So there are actually absolute value functions that are continuous but not differentiable everywhere. Take for example f(x) = |x|. The point (0,0) isn't differentiable in that function because it's not a smooth transition; it's a sharp turn. So you can just replace the f(x) with |x|. In order to actually calculate the integral, you would need to see if the undifferentiated point is included in the interval. If it isn't, then just take away the absolute value and integrate normally. If it is, then you would need to create multiple integrals based on how many undifferentiated points there are and then add them together. In this case, there's only one, so you would just need to create two integrals, one bounded from the lowest bound to the undifferentiated point and one bounded from the undifferentiated point to the highest bound. Then you would need to test if a number within each interval evaluates to a positive or negative number. If it's positive, then leave the integral alone. If it's negative, then put the negative sign in front of the interval. Then you evaluate from there. That's how you would integrate an absolute value function.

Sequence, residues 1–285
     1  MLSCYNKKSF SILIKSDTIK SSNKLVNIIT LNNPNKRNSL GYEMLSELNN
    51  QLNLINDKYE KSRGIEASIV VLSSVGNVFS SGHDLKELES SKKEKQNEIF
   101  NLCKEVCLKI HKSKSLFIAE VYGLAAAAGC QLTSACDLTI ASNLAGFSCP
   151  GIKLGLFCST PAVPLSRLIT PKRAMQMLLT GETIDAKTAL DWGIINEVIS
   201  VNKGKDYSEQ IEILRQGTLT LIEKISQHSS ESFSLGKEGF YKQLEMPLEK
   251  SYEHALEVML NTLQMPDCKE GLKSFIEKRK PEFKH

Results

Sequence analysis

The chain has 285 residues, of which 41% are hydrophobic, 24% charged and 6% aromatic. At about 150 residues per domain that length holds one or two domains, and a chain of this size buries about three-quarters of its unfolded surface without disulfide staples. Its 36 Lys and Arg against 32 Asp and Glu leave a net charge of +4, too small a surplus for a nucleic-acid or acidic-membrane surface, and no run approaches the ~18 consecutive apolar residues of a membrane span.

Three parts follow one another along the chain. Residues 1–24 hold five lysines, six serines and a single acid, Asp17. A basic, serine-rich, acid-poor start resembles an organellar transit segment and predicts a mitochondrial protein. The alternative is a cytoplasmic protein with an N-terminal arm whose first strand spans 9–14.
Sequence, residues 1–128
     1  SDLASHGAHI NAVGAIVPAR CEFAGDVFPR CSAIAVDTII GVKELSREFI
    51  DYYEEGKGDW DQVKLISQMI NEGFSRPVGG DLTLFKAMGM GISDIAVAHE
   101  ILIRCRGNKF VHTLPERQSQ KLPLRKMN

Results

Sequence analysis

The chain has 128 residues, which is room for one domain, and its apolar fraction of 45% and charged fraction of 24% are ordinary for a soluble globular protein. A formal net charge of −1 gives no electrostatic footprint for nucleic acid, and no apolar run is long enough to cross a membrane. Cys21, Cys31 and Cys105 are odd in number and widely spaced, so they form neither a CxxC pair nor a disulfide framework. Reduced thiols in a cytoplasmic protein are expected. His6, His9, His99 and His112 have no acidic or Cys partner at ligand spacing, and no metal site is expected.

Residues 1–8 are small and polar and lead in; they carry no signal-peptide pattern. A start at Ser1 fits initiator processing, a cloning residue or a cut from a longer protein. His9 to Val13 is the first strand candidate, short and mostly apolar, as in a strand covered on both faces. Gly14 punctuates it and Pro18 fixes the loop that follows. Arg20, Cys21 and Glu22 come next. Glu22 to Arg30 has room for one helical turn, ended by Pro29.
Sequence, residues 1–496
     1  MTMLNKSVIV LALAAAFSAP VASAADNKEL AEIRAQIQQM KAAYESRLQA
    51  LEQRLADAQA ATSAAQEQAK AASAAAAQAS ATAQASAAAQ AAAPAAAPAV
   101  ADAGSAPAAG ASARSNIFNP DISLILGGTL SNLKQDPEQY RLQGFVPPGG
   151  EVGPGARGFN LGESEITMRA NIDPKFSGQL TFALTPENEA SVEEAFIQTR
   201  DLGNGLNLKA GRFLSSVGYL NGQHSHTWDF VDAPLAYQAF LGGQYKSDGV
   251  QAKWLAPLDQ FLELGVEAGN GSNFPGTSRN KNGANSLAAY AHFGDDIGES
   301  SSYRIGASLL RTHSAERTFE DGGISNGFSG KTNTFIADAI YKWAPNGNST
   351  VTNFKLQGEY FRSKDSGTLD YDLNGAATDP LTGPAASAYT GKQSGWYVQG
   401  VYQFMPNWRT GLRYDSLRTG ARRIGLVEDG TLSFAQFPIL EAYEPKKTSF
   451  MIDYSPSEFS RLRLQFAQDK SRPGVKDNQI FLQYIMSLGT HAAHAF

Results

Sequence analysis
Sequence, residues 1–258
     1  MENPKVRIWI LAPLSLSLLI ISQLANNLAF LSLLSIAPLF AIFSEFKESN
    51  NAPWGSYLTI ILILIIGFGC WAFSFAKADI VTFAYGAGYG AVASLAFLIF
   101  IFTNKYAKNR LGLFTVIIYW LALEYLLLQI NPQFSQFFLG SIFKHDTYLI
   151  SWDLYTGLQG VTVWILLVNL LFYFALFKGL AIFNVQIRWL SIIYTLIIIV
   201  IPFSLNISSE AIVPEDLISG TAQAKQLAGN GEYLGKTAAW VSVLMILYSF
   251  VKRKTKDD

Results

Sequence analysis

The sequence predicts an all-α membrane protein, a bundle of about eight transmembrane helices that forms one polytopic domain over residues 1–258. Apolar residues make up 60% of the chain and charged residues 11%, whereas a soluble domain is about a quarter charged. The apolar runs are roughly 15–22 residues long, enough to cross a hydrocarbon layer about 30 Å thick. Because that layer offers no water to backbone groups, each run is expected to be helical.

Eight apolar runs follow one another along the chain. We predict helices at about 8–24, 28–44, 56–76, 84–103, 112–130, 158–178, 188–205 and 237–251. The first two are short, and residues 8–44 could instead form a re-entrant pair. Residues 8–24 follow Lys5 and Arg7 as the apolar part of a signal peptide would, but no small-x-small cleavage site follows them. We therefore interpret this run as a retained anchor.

Taha T.

asked • 05/11/20# If f is integrable on [a, b], show by example that

show by example that:

t

F (t) = ∫ f(x) dx

a

is continuous but need not to be differentiable.

note: the integral from (a) to (t).

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